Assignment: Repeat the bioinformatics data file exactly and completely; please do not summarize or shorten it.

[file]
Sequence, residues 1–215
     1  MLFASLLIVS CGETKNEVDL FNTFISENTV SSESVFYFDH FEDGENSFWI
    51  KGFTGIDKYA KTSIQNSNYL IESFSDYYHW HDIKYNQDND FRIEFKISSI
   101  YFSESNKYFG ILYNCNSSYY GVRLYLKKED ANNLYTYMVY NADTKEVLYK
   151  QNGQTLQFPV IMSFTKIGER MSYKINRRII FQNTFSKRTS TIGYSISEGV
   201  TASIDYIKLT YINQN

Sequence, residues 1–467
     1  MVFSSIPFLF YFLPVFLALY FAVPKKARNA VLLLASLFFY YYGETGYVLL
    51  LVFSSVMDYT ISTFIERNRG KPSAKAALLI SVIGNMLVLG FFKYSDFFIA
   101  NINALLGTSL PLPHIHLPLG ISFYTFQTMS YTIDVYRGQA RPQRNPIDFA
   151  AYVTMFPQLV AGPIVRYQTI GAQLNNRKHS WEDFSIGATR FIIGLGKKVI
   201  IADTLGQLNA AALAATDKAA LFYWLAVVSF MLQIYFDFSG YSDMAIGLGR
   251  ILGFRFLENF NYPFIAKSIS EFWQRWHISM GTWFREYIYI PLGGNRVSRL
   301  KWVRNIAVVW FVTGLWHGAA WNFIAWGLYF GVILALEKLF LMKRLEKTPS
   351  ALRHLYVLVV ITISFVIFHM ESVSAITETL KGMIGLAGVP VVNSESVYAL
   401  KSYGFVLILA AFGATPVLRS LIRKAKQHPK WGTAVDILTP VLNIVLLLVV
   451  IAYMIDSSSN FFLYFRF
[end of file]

Sequence, residues 1–215
     1  MLFASLLIVS CGETKNEVDL FNTFISENTV SSESVFYFDH FEDGENSFWI
    51  KGFTGIDKYA KTSIQNSNYL IESFSDYYHW HDIKYNQDND FRIEFKISSI
   101  YFSESNKYFG ILYNCNSSYY GVRLYLKKED ANNLYTYMVY NADTKEVLYK
   151  QNGQTLQFPV IMSFTKIGER MSYKINRRII FQNTFSKRTS TIGYSISEGV
   201  TASIDYIKLT YINQN

Sequence, residues 1–467
     1  MVFSSIPFLF YFLPVFLALY FAVPKKARNA VLLLASLFFY YYGETGYVLL
    51  LVFSSVMDYT ISTFIERNRG KPSAKAALLI SVIGNMLVLG FFKYSDFFIA
   101  NINALLGTSL PLPHIHLPLG ISFYTFQTMS YTIDVYRGQA RPQRNPIDFA
   151  AYVTMFPQLV AGPIVRYQTI GAQLNNRKHS WEDFSIGATR FIIGLGKKVI
   201  IADTLGQLNA AALAATDKAA LFYWLAVVSF MLQIYFDFSG YSDMAIGLGR
   251  ILGFRFLENF NYPFIAKSIS EFWQRWHISM GTWFREYIYI PLGGNRVSRL
   301  KWVRNIAVVW FVTGLWHGAA WNFIAWGLYF GVILALEKLF LMKRLEKTPS
   351  ALRHLYVLVV ITISFVIFHM ESVSAITETL KGMIGLAGVP VVNSESVYAL
   401  KSYGFVLILA AFGATPVLRS LIRKAKQHPK WGTAVDILTP VLNIVLLLVV
   451  IAYMIDSSSN FFLYFRF